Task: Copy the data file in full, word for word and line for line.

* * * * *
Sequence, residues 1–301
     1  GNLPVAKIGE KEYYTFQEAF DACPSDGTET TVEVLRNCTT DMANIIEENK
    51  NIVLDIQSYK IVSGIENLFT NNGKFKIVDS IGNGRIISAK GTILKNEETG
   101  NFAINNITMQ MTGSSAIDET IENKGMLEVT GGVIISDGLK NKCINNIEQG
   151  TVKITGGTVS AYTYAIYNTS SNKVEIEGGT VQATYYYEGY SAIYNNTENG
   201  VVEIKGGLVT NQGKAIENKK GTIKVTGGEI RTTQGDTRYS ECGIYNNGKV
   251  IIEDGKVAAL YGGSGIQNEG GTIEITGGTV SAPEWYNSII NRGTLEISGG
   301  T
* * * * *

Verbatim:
Sequence, residues 1–301
     1  GNLPVAKIGE KEYYTFQEAF DACPSDGTET TVEVLRNCTT DMANIIEENK
    51  NIVLDIQSYK IVSGIENLFT NNGKFKIVDS IGNGRIISAK GTILKNEETG
   101  NFAINNITMQ MTGSSAIDET IENKGMLEVT GGVIISDGLK NKCINNIEQG
   151  TVKITGGTVS AYTYAIYNTS SNKVEIEGGT VQATYYYEGY SAIYNNTENG
   201  VVEIKGGLVT NQGKAIENKK GTIKVTGGEI RTTQGDTRYS ECGIYNNGKV
   251  IIEDGKVAAL YGGSGIQNEG GTIEITGGTV SAPEWYNSII NRGTLEISGG
   301  T